Chibeze Ezekiel, a climate activist from Ghana, reflects on the power of grassroots and youth activism in forcing climate action and the need to allow young people to co-create their futures.
This blog launches The Elders’ Intergenerational Climate Blog Series 2021 and features an introduction by Deputy Chair of The Elders, Graça Machel:
“Chibeze Ezekiel’s call to action powerfully reaffirms my own belief that all generations must be meaningfully involved in climate action.
Young people from the Global South are already living on the frontlines of the climate crisis. As Chibeze asserts, we need to ensure the voices of young people from climate-vulnerable nations are heard not only on the streets but in the corridors of power. We need their insights, skills and energy in the fight against this existential threat.
COP26 must deliver for communities most vulnerable to climate change. The reality is that it is young people and future generations that will live with the repercussions of what we do today. We must not fail them.”
- Graça Machel
A crucial turning point for me in climate advocacy was when I led a team a few years ago to Ada Totope, a small fishing community in the Greater Accra region of Ghana. It is one of the coastal communities hardest hit by sea level rise because of climate change. Some reports suggest that the community has seen the sea break down and wash away more than 20 homes over the last three decades. An even greater number of houses have been buried in the sand as the sea moves closer ashore, sweeping in lots of sand and rendering homes inhabitable. “The community was more than one and a half to two kilometers away from the sea about 15 to 20 years ago; but now it is less than 20 meters because of sea erosion”, the Chief of the area, Theophilus Agbakla, is reported to have said.
The experience of Ada Totope gave me a better understanding of what climate impacts look like on a personal level. I felt devastated seeing how its inhabitants – largely consisting of young people – who were already living in poor conditions, were so hard hit by this crisis. It encouraged me to contribute to climate solutions and raise awareness of how the youth perspective ought to be recognised and entrenched in all the processes affecting their futures.
The continuous ravaging impacts of climate change cannot be overemphasised. The increasing consultation exercises involving local communities, indigenous peoples, civil society, private sector and governments in addressing the problem is somewhat encouraging, but my observation is that meaningful inclusion of young people is still very limited. Even where issues of social inclusion are specifically discussed, little attention is paid towards empowering young people to effectively participate in all levels of the decision-making process – from idea generation, planning, implementation, monitoring and evaluation.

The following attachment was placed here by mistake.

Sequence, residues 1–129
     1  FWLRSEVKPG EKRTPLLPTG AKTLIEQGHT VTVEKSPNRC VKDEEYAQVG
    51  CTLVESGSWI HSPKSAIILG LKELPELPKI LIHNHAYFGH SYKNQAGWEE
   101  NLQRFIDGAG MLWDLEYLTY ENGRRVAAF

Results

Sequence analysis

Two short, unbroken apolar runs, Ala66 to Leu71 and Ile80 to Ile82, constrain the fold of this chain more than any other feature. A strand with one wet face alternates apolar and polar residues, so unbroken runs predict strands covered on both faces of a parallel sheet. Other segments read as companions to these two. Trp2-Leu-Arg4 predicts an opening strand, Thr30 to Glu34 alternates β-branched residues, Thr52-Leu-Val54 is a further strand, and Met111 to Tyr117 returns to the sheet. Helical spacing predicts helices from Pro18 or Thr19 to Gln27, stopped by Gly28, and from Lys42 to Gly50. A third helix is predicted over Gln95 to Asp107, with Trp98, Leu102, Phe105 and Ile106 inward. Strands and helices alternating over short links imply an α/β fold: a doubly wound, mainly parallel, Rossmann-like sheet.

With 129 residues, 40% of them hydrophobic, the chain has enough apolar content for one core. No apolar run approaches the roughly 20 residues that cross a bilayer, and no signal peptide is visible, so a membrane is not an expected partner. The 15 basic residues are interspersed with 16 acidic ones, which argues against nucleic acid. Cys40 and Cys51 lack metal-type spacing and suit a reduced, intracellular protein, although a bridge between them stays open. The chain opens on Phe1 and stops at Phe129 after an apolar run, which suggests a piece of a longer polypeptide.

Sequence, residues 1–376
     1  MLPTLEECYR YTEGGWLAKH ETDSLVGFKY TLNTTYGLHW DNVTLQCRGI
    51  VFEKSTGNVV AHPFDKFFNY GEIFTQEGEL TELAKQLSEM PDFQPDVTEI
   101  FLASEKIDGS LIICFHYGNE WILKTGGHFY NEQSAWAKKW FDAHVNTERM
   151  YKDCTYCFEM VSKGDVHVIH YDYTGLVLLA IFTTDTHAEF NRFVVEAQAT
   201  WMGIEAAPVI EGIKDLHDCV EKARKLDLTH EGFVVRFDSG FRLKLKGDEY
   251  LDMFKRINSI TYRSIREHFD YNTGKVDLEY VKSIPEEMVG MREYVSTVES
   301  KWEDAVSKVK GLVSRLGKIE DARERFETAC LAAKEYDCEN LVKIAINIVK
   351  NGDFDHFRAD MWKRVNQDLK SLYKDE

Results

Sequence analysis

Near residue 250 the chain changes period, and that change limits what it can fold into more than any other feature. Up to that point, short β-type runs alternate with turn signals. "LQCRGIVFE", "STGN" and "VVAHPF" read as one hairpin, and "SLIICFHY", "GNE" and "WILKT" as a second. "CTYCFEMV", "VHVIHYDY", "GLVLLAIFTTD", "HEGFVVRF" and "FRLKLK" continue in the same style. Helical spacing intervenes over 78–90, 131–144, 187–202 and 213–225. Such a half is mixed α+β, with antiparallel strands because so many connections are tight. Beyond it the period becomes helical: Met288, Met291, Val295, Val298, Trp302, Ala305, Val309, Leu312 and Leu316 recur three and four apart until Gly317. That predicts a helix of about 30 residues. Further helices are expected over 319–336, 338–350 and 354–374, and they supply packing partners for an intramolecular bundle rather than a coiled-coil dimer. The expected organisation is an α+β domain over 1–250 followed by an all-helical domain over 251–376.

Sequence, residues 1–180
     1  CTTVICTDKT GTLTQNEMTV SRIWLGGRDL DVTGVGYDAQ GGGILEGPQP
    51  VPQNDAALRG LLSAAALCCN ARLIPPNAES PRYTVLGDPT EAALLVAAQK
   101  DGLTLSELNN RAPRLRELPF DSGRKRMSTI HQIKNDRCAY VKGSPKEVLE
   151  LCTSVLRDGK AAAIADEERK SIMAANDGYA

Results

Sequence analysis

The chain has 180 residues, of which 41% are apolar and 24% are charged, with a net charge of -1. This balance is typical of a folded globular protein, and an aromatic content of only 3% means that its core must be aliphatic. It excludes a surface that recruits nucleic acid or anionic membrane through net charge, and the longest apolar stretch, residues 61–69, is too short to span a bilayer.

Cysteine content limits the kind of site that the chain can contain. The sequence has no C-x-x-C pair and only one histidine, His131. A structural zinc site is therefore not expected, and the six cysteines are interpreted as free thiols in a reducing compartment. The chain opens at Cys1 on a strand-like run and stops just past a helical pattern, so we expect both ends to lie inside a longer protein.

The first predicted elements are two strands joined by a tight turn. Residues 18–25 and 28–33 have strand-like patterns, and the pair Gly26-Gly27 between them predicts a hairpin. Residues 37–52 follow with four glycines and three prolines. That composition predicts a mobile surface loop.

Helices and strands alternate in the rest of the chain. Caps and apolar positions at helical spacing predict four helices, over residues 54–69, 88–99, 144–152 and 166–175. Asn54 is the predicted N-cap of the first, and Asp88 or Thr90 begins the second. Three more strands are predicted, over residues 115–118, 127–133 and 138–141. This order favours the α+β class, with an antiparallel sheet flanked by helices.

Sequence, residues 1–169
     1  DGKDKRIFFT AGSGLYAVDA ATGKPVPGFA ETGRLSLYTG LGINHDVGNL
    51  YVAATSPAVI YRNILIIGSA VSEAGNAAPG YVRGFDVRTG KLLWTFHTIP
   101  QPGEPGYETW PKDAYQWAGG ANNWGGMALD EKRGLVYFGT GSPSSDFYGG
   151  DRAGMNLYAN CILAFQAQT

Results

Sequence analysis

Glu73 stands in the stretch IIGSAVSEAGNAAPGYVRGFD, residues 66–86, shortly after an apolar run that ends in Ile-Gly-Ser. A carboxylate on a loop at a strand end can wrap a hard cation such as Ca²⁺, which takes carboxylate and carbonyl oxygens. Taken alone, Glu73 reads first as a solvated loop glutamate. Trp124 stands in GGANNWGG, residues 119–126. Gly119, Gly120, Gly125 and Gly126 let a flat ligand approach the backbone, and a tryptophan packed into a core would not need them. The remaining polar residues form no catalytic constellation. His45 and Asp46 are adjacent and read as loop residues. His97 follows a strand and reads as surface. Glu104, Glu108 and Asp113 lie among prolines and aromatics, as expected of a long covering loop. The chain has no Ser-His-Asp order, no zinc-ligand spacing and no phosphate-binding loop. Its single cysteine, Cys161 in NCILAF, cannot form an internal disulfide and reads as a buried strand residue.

One of the key measures to address climate change is the use of renewable energy sources, which is why I led the 350 Ghana Reducing our Carbon movement (GROC) from 2013 to 2016 to campaign against the Ghanian government's intention to build a new coal plant. The government eventually aborted the plan to build the coal plant and since then, we have consistently been pushing for clean and renewable energy as a better alternative to meet the growing energy demands and one that also creates job opportunities for young people.
At the international level, youth already have some space to engage, such as the official youth constituency at the United Nations Framework Convention on Climate Change (UNFCCC). Such recognition is not the same at the regional level, especially not in Africa. To correct this, as part of the Strategic Youth Network for Development (SYND), we are developing a Youth Strategy for Climate Action to increase youth participation in Ghana by highlighting success stories of young people fighting against climate change. We are also actively involved in the development of the National Adaptation Plan and the Nationally Determined Contributions (NDCs) review processes. Young people must be at the heart of climate solutions since we are the ones likely to suffer in the future unless the situation is significantly addressed.
Based on my knowledge and experience, young people ought to be given the necessary space and opportunities to fully participate in climate actions and co-create their future. We cannot disregard the fact that young people today possess skills, knowledge and energy that are essential to fight climate change. For example, social media platforms and ICT-based interventions were largely developed by young people.
As the people who contributed the least to climate change are now taking climate action, that sends the signal to older generations that there is no justification to fail to honour their own commitments and pledges.
Chibeze Ezekiel is a climate activist from Ghana, convinced that young people must have a significant role in all climate actions at all levels of the decision-making process. He coordinates the Strategic Youth Network for Development (SYND), a youth-led NGO that promotes youth inclusion in the governance of the Natural Resources and Environmental (NRE) sector. He serves on the board of 350.org and is a member of the International Experts of the Environment of Peace 2022 (EP2022) project. He also chairs the Youth in Natural Resources and Environmental Governance (Youth-NREG) Platform and is the recipient of the 2020 Goldman Environmental Prize for Africa.